Serverless and Dedicated Yandex Database operation modes
You can create YDB databases in two modes:
- Dedicated: When creating a database, users should determine in advance what resources the database will consume in terms of compute resources (CPU and RAM) and storage resources. In this case, users pay for the resources allocated to them.
- Serverless: Users don't need to determine what resources should be allocated for servicing their databases. YDB automatically allocates and releases resources based on the user load, which is the amount of stored data and the number and complexity of data operations. In this case, users are charged the cost of performing operations and storing data.
Separate compute and storage layers
Please note that YDB has two separate explicit layers: storage and compute. The storage layer is responsible for securely storing data on storage devices and replicating data between nodes to ensure fault tolerance.
In YDB, user data is stored in tables that are partitioned. A shard is an entity that is responsible for storing a table partition (typically one). An entity called a tablet is responsible for changing data in a shard. It's a component that implements consistent changes in the shard data and fixes the issue of distributed consensus. A tablet instance can be viewed as an object that is generated in the process address space and consumes CPU resources and RAM. Tablets store all their statuses in the storage layer. This means, among other things, that a tablet instance can be raised in an arbitrary process that the storage layer is available from. The YDB compute layer essentially consists of tablets and the YQL query execution layer.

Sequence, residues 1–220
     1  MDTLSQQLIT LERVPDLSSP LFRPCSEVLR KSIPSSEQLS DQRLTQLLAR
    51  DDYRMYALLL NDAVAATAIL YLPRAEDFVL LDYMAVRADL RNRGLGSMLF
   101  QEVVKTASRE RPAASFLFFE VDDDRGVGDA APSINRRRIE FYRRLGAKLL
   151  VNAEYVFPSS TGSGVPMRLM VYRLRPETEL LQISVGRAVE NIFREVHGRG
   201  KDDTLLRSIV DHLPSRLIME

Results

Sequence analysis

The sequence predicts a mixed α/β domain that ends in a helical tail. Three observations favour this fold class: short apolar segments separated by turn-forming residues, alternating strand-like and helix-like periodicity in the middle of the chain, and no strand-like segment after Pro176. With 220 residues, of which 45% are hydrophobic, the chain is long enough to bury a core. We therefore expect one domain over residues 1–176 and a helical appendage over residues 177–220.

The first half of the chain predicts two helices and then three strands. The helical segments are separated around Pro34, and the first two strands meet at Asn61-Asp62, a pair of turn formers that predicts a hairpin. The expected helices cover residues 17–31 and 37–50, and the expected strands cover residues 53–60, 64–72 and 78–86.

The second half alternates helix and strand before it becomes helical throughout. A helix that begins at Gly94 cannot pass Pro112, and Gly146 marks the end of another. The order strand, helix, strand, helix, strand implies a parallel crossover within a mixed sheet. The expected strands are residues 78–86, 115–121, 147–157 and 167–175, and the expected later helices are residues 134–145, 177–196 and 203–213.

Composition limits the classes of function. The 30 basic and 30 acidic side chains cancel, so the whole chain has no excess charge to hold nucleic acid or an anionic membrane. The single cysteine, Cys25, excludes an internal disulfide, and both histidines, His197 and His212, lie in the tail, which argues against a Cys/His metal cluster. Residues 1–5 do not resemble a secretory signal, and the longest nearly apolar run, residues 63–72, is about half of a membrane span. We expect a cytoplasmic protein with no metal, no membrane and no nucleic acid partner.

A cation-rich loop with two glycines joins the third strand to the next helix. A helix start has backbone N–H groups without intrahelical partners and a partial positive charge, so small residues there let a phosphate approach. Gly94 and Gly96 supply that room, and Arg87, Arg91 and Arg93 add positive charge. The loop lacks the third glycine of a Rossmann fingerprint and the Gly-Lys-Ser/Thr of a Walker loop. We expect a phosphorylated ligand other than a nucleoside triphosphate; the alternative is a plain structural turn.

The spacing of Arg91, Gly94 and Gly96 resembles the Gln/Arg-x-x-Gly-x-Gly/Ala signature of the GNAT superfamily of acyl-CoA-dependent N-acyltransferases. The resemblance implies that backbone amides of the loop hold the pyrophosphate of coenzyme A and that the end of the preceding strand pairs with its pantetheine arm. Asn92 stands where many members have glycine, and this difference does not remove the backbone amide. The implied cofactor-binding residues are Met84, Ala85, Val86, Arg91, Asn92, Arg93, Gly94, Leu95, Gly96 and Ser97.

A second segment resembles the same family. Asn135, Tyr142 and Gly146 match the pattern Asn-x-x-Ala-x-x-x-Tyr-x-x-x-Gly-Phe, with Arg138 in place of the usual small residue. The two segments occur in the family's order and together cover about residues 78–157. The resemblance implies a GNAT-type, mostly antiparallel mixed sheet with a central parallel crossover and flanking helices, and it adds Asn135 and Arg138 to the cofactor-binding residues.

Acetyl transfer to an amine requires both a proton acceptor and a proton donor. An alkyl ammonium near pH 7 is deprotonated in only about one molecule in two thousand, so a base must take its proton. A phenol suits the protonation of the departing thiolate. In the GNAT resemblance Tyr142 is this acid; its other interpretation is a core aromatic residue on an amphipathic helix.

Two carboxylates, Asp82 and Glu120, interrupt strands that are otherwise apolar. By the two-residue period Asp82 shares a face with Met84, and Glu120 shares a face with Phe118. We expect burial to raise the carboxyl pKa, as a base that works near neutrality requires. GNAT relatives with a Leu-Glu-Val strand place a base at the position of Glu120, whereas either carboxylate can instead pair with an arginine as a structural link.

It should be noted that the concept of a database comprises user tables and, accordingly, tablet instances serving these tables as well as certain system entities. For example, there is a tablet called SchemeShard. It serves the data schema of all tables. There is a coordination system for distributed transactions whose items are also tablets.
YDB Dedicated operation mode
Dedicated mode assumes that resources for tablet instances and for executing YQL queries are selected from the compute resources explicitly allocated to the database. Compute resources are VMs that have a certain amount of vCPUs and memory. The task of selecting the optimal amount of resources for the DB is currently the user's responsibility. If there aren't enough resources to serve the load, the latency of requests increases, which may eventually lead to the denial of service for requests, such as that with the
OVERLOADED return code. The user can add compute resources (VMs) to the database in the UI or CLI to ensure it has the necessary amount of computing resources. Adding compute resources to the DB is relatively fast and comparable to the time it takes to start a VM. After that, YDB automatically balances tablet instances across the cluster based on the resources added.
YDB Serverless operation mode
In Serverless mode, the YDB infrastructure determines the amount of computing resources to be allocated to serve the user database. The amount of allocated resources can be either very large (an arbitrary number of cores) or very small (significantly less than one core). If a user created a DB that contains a single table with a single entry and makes DB queries very rarely, YDB actually uses a small amount of RAM on tablet instances that are part of the user DB. This is possible due to the fact that the user database components are objects rather than processes. If the load increases, the DB components start using more CPU time and memory. If the load grows to the extent that the VM resources become insufficient, the YDB infrastructure can balance the system granularly, generating tablet instances on other VMs.
This technology lets you package virtual entities (tablet instances) very tightly together into physical resources based on the actual consumption. This makes it possible to invoice the user for the operations performed rather than the allocated resources.